There was considerable speculation about what was going on when Apple pulled the popular developer app Dash from the App Store and terminated the account. The developer, Kapeli, claimed to have no idea what had led to the action, with Apple subsequently explaining that it had detected more than 1,000 fraudulent reviews on a linked account. The accounts appear to be linked by credit card, device and developer ID.

Kapeli continued to proclaim its innocence, stating that the account and device were used by an unspecified ‘relative’ and that they had done nothing wrong. A post to the MacRumors forum now casts doubt on this, proving that the linked account contains apps which were originally promoted on Kapeli’s own website and in its own Twitter feed.

So 5 or 6 years ago, this guy named Bogdan Popescu starts a company called Kapeli and writes a bunch of Shovelware. Puts out a bunch of PR for crap like MoveAddict.

All of this is featured on his website, kapeli.com [archived link]. There in the header…moveAddict, iGuard…and something called ‘Dash’.

Even his old Twitter posts confirm this.

It was these old apps which Apple says were promoted with fake reviews.

Another forum user chipped in with further evidence that the apps were owned by Popescu.

You’ll see all the apps ‘being sold’ by Mihaela. Let’s pick one – say ‘File View’ […] Select the next image. We can examine the image and see the file owner is a user called ‘bogdan’. This would indicate that when these screenshots were taken, a user called ‘bogdan’ owned files on that mac and created this file on this date (creation date).

Kapeli posted an audio recording of a call in which an Apple representative can be heard repeatedly explaining that the company has evidence that the two accounts were linked, and that if the developer wrote a blog post acknowledging that fact, the account would be reinstated. Kapeli has so far declined to do so.

Update: Kapeli has responded with a statement:

At this point it’s impossible for me to protect my family and my private life anymore, so I’d like to tell the history of Kapeli and of everything I’ve done so far.

In 2010 I made my first app, moveAddict. It was well received and although it’s 6 years ago and it is my first app, I still stand behind it and am proud of it.

Back then I was a student at Coventry University and asked my mother to set up a romanian bank account for me to use for my app business. Although I was the only one to use this bank account, it ran under her name.

I also made and released other apps, DockView being the most notable and best received of my products. I also launched some less successful apps: Switché, iGuard, iSecure, iClap and Stay Awake.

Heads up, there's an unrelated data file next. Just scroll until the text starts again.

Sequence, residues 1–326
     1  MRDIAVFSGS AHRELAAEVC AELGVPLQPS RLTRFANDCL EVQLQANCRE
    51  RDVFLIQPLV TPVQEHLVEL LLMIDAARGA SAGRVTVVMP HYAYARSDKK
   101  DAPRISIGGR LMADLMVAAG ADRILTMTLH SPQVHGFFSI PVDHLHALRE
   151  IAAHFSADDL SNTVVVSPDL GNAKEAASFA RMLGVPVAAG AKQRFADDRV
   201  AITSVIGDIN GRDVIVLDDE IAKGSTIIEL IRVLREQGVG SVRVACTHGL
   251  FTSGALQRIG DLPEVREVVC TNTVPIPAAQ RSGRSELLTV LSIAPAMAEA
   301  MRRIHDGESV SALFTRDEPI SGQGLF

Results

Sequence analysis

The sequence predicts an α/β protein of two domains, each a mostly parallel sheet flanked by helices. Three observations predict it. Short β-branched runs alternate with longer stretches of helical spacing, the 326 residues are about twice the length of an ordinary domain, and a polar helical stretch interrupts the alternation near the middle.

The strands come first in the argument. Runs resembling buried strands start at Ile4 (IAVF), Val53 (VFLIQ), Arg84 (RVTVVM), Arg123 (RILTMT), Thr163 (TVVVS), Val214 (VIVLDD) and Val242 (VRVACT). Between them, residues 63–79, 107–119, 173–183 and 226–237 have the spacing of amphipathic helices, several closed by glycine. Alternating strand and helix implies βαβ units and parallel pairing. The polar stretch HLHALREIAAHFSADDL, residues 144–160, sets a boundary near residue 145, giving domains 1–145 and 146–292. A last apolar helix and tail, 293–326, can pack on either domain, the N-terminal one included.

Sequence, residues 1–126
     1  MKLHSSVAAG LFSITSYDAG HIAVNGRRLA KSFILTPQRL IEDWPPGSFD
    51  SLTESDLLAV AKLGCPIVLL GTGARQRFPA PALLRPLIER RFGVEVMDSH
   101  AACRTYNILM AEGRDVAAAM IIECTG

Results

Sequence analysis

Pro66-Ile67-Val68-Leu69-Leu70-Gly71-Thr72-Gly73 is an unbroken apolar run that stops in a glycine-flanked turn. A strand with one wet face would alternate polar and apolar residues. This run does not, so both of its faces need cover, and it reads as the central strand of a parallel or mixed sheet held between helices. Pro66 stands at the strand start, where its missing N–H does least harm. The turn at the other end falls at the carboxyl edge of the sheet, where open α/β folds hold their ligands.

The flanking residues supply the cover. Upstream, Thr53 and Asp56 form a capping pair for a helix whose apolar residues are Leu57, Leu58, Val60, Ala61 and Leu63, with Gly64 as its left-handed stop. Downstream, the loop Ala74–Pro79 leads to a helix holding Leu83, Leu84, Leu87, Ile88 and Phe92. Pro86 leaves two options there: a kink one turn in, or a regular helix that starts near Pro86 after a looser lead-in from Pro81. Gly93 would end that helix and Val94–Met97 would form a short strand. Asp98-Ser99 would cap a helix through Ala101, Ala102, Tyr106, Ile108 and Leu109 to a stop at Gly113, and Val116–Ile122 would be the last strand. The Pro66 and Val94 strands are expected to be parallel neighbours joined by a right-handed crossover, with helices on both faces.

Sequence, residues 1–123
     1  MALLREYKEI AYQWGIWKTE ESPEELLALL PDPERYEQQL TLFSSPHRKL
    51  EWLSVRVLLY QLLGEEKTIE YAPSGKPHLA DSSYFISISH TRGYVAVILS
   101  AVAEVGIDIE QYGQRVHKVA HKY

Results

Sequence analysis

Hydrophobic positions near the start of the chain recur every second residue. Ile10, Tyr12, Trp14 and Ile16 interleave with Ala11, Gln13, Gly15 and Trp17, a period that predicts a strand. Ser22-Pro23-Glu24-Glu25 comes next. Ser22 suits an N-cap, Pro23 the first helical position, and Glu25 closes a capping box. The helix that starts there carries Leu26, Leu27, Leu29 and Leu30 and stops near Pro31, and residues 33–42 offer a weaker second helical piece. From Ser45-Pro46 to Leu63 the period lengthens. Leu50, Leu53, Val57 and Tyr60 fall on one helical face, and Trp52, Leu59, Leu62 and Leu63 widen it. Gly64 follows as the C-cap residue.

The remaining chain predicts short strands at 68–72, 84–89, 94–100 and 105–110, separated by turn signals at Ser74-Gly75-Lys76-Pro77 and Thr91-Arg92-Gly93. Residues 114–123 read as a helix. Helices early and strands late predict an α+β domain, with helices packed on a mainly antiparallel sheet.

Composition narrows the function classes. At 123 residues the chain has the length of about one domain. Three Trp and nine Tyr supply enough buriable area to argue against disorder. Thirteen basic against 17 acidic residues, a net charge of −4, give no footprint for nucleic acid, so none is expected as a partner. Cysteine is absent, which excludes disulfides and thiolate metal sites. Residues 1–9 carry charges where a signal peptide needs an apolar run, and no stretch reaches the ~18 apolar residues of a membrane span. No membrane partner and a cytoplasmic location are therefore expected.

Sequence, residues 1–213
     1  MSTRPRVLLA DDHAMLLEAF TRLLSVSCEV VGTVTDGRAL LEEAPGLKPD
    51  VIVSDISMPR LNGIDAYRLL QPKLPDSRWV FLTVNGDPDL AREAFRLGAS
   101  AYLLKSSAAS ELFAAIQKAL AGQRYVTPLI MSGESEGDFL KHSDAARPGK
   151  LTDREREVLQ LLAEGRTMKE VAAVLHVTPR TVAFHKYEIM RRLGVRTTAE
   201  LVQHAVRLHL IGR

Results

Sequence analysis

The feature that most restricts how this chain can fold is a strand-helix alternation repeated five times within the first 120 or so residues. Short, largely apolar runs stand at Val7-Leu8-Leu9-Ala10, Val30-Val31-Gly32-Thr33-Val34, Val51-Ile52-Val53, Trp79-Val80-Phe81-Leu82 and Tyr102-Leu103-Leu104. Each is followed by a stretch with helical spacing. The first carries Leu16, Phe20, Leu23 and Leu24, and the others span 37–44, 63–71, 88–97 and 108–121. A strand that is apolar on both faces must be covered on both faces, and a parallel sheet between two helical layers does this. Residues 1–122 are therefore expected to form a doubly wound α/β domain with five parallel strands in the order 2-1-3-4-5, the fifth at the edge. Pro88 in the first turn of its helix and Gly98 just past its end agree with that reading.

In 2011 the Mac App Store was launched and I enrolled my Apple developer account. I was using the bank account my mother had opened for me.

In 2012 I released Dash. It was very well received, but I continued to support and take care of my other apps as well.

In 2013, my mother, who is an engineer herself, made an Apple developer account and started making apps on her own, including Ideal Weight and Brain Gym

I helped and encouraged her as much as I could, including paying for her first membership year using my credit card. Throughout the years I helped her whenever she asked me to, with coding issues or other things like converting images to icons for her apps. I also gave her Xcode projects I had and used as templates for new apps.

In 2014 I realised that there was no possible way for me to support and develop all of my apps anymore and decided to focus on Dash exclusively. I told my family about this and they thought I wasn’t rational, because my old apps were still making some money. My mother proposed I move some of my apps to her account and that she would handle the support and maintenance for those apps. I transferred the following apps: moveAddict, iGuard, iSecure, iClap and Stay Awake.

Since then I’ve been focusing on Dash.

Some clarifications:

In early 2015 I finally got around to open a bank account in my name and have updated my developer account to send payments to it.

When Apple said that the 2 developer accounts used the same bank account, what they meant was that the bank accounts used the same owner name until 2015. The 2 developer accounts never sent money to the exact same bank account (different IBAN). I have never received any money resulting from the actions of the other account.

I did not want this story to blow over as it did. When Apple closed my account, I just wanted to notify my customers so that they knew how to migrate to the direct version of Dash.

Once Apple told me what happened, I collaborated with them and did not talk to the press during that time. I also complied with their request to make a blog post telling the truth, which I sent a draft of (https://kapeli.com/apple_draft), but never received a response. I thought I could leave my family out of this, but following Apple’s statement the Internet kept digging, so I had to come forward and tell the whole story.

I was not aware that the other account was involved with App Store review manipulation. I stopped following what she was doing after a while.

I did not want to release any information on the developer that was behind the accused activity, in order to protect her identity.


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Ben Lovejoy

Ben Lovejoy is a British technology writer and EU Editor for 9to5Mac. He’s known for his op-eds and diary pieces, exploring his experience of Apple products over time, for a more rounded review. He also writes fiction, with two technothriller novels, a couple of SF shorts and a rom-com!

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